The moment a caller began to describe his or her problem, McGrath was on the case, searching license plate numbers, looking up land parcels and/or finding phone numbers of city officials. 311’s step-by-step program guided her through each scenario, starting with the nature of the call, and ending with “Thank you for calling the city of Minneapolis. Have a good day.”

“I love to help people,” she said. “There’s never a day that’s the same.”

What’s the point?

311 serves three main purposes. First, operators respond to requests for information, which is typically 60 percent of all calls. From directions to City Hall to park hours, many of the questions can easily be answered using the city’s website, but some residents don’t know how to use it or lack Internet access, McGrath explained. That’s where 311 comes in.

Secondly, operators take service requests. These typically occur when residents call to report things in the city that need maintenance, such as pot holes or a vandalized street sign. Every caller gets a tracking number and time frame for how long it will take until the problem is fixed. Graffiti reports are the most common type of service calls.

Lastly, customer service agents will transfer calls that are out of their areas of expertise, often to Hennepin County, and occasionally to 911.

People have complained in the past about being rerouted through too many departments, Stickney says. 311 operators try to act as “ambassadors” for their callers, which means that sometimes they have to take down a name and phone number to return calls that require deeper research.

During my “ride along” with McGrath, I listened as she took a call from a barbershop owner in Northeast who wanted to get one-hour parking outside his salon. She looked up the property information online, discovered that the caller wasn’t listed as the owner and decided to call him back. Since barbershops are licensed through the state, he would’ve had to go through zoning before becoming the business owner, McGrath explained, and that should have addressed parking. She decided to look into the matter and return the call after lunch.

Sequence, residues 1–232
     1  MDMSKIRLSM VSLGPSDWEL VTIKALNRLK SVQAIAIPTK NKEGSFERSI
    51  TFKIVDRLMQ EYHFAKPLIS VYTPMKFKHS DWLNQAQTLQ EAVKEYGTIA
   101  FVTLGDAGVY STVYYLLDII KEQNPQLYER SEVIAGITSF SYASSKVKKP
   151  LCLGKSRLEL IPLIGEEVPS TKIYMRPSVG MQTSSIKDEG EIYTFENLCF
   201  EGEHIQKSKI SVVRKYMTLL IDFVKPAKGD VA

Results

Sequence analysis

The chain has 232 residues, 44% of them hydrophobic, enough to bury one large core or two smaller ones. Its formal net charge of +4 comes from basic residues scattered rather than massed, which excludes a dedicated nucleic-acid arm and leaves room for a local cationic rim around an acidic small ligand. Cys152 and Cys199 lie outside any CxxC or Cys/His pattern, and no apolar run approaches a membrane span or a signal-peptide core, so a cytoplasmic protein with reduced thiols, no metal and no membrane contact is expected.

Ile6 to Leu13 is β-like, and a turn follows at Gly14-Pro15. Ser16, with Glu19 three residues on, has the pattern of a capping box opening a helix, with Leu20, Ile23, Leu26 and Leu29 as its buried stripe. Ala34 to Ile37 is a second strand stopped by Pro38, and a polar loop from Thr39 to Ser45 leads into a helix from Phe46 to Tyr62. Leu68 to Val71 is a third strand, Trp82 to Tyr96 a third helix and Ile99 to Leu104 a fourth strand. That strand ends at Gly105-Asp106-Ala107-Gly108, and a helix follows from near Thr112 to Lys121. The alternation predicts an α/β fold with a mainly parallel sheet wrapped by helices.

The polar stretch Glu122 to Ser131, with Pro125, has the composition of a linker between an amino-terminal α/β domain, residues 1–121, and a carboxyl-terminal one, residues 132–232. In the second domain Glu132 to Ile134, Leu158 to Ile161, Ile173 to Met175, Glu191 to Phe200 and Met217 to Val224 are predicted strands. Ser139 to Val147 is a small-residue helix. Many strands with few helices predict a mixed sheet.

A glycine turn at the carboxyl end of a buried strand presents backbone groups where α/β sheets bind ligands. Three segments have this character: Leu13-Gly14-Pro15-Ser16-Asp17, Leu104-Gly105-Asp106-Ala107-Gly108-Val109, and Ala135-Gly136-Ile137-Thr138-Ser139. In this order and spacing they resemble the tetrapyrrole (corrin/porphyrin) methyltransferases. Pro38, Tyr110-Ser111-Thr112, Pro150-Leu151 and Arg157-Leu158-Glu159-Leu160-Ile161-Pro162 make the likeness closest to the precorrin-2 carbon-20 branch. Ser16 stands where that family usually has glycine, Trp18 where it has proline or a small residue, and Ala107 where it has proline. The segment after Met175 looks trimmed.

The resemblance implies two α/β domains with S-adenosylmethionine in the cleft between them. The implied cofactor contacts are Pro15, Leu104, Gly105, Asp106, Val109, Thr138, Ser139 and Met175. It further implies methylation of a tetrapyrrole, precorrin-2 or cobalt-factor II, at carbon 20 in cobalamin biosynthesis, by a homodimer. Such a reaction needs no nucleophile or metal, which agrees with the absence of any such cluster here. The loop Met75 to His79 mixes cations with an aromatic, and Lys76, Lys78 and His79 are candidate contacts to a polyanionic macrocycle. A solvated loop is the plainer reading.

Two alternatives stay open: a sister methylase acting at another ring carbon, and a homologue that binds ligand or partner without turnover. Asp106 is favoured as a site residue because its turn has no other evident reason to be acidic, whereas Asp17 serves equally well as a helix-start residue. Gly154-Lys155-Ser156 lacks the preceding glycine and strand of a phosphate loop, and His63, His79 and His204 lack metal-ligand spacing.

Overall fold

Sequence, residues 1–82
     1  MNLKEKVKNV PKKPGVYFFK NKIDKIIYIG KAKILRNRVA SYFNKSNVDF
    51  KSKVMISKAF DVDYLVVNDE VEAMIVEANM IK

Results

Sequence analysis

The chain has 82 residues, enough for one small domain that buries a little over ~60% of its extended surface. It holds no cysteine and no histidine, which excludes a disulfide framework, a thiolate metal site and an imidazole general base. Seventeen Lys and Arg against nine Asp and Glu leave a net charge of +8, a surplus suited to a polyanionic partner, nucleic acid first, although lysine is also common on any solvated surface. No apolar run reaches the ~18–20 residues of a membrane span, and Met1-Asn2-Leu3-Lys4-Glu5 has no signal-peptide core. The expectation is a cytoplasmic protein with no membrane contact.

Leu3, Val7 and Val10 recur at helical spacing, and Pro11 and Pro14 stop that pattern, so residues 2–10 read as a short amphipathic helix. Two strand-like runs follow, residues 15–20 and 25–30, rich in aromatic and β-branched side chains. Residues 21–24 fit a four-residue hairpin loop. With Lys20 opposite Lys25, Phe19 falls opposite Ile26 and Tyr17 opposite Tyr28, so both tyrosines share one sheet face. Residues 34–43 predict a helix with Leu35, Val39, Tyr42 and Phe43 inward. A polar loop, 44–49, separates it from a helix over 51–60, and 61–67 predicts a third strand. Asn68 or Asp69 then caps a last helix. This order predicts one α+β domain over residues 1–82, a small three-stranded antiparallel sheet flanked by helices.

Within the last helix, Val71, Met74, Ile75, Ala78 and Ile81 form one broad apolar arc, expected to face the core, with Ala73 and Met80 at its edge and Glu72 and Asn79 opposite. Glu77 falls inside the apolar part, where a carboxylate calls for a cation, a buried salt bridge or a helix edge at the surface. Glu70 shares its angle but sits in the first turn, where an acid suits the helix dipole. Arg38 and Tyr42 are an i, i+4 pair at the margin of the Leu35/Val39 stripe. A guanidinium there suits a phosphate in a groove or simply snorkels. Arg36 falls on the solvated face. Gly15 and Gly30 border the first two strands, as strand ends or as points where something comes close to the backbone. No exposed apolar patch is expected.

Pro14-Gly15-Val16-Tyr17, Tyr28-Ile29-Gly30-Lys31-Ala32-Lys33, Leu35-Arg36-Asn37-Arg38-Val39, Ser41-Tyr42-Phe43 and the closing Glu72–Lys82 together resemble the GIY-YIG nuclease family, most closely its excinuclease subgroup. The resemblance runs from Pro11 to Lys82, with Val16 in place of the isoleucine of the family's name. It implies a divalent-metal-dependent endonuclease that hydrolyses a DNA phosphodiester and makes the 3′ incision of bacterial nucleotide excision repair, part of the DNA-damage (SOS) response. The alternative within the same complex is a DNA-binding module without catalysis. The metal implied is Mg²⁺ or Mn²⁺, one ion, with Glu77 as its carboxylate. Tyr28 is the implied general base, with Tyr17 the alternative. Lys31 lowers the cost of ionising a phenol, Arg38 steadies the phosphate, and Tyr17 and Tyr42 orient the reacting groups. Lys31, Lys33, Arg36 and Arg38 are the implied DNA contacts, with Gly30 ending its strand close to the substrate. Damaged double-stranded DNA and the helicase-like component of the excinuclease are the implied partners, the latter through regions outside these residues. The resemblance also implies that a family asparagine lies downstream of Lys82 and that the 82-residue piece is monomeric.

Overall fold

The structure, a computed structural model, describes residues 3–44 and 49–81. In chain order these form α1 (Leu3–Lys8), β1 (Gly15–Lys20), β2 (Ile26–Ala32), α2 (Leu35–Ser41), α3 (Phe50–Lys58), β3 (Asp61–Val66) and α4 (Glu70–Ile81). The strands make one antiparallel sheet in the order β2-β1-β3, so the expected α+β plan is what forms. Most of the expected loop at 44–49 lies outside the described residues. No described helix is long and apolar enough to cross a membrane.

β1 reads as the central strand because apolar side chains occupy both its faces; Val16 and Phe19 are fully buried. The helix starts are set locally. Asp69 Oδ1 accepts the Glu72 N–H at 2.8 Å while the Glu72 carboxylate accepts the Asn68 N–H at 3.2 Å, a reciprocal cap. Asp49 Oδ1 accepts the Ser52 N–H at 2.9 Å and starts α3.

Navigating the city

In addition to surfing the city’s website, customer service agents can also assist callers using sites and programs that aren’t technically within Minneapolis jurisdiction. For example, McGrath received a call from a woman who was driving around South Minneapolis and noticed some burnt-out streetlights. With a few quick clicks, McGrath found the intersection, determined that the light was Xcel property, entered the outage on Xcel’s website, and gave the caller a confirmation number.

Stickney hopes to someday partner with other companies like Xcel. He would also like to improve 311’s website to enable attachments and let residents check the status of reports. “We’re not as far along the process as we’d like to be, but we’re working on that,” he said.

Operators can answer a limited number of state and county questions, take police reports for low-level offenses, and access information about independent city entities such as the Park Board.

There are more than 170 different service request types, said Stickney, and agents need to be able to navigate them all.

Reach Mary O’Regan at [email protected] or 436-5088.